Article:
This month men all over the country will be growing out their facial hair for Movember as a fun way to raise awareness of men’s cancer and mental health risks.
We all think “it won’t happen to me”. Well as much as men might like to bury their head in the sand and pretend that’s the case, the facts are somewhat different.
In 2015, prostate cancer was the most common cancer found in males in the UK. In males in the UK, prostate cancer is the 2nd most common cause of cancer death, with around 11,600 deaths in 2016. 
There are around 2,300 new testicular cancer cases in the UK every year, that’s more than 6 every day (2013-2015). Since the early 1990s, testicular cancer incidence rates have increased by more than a quarter (27%) in males in the UK. Thankfully testicular cancer has a high survival rate with 98% of males diagnosed surviving at least 10 years. 
Mental Health Awareness
Men’s mental health awareness is also important to the Movember Foundation. Suicide rates are over three times higher among men than women in the UK, at 16.8 per 100,000 people in 2014  and in 2014 75% of suicides in the UK were male . When you combine that with research from 2015 that found 70% of managers didn’t believe stress, anxiety or depression were valid reasons for taking time off work,  it’s vital to overcome the stigma surrounding mental health in the workplace and among men.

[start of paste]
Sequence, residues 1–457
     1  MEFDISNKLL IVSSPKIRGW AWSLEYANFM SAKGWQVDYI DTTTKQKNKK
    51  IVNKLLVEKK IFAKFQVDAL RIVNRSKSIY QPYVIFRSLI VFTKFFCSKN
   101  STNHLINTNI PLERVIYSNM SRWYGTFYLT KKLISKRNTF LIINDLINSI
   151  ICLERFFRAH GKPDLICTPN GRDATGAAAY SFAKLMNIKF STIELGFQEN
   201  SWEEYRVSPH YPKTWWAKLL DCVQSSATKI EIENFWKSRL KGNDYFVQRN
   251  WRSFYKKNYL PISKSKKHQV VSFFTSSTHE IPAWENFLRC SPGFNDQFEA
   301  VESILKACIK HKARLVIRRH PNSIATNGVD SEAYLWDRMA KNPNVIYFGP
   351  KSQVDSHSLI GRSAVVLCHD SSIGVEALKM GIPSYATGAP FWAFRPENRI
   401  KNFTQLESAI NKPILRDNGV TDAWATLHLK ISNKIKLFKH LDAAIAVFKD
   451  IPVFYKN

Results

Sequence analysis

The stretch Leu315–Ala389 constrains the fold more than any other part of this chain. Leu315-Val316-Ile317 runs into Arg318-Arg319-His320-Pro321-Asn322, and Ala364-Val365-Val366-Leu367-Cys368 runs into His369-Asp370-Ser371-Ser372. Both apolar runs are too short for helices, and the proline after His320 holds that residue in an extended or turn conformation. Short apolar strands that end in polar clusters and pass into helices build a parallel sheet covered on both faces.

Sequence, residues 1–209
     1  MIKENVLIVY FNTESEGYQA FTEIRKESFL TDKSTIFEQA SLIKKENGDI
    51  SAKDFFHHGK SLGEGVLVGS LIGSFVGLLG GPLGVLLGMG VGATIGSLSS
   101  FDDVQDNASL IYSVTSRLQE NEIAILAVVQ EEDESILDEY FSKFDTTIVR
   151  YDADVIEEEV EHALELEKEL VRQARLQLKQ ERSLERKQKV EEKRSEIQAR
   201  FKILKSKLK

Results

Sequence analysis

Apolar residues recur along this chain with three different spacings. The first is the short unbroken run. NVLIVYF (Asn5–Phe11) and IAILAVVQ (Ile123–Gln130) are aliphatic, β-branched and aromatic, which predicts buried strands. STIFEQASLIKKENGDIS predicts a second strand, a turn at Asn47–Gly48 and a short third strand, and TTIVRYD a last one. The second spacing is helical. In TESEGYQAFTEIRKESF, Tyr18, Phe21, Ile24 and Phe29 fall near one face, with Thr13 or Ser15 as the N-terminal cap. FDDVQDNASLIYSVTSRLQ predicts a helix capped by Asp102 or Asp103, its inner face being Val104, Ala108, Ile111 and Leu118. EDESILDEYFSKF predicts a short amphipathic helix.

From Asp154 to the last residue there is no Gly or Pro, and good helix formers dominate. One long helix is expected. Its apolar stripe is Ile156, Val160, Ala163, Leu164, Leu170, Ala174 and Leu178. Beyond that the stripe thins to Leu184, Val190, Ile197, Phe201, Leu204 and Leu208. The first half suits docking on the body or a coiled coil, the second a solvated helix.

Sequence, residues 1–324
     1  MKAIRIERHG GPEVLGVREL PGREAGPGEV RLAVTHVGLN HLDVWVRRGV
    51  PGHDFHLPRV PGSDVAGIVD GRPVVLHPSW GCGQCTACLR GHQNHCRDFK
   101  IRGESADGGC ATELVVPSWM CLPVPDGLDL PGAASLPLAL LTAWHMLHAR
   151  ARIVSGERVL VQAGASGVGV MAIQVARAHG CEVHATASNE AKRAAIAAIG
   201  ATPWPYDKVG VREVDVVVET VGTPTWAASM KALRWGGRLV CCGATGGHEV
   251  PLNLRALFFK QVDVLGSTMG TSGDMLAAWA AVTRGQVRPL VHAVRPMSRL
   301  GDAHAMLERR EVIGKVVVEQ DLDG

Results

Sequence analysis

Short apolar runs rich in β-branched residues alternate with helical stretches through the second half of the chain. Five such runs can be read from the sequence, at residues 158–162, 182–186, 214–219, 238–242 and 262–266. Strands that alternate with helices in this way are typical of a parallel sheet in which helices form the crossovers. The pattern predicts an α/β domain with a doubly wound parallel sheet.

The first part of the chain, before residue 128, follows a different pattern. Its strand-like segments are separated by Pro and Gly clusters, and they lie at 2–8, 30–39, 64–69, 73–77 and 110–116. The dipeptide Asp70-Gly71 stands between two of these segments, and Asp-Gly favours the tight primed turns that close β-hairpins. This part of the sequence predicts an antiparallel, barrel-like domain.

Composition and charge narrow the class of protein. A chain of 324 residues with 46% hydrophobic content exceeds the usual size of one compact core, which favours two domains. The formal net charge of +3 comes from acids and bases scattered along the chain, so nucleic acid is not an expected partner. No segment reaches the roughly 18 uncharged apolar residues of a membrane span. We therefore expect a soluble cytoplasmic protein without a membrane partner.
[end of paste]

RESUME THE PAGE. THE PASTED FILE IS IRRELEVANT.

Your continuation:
What would you do if you were diagnosed with cancer or another illness? What would happen if you were unable to work due to an illness or accident? Having critical illness cover and income protection can help them cope financially with these situations and many providers offer access to support during what can be an overwhelming and difficult time.
- http://www.samaritans.org/sites/default/files/kcfinder/files/Samaritans%20suicide%20statistics%20report%202016.pdf page 15
- http://www.samaritans.org/sites/default/files/kcfinder/files/Samaritans%20suicide%20statistics%20report%202016.pdf page 37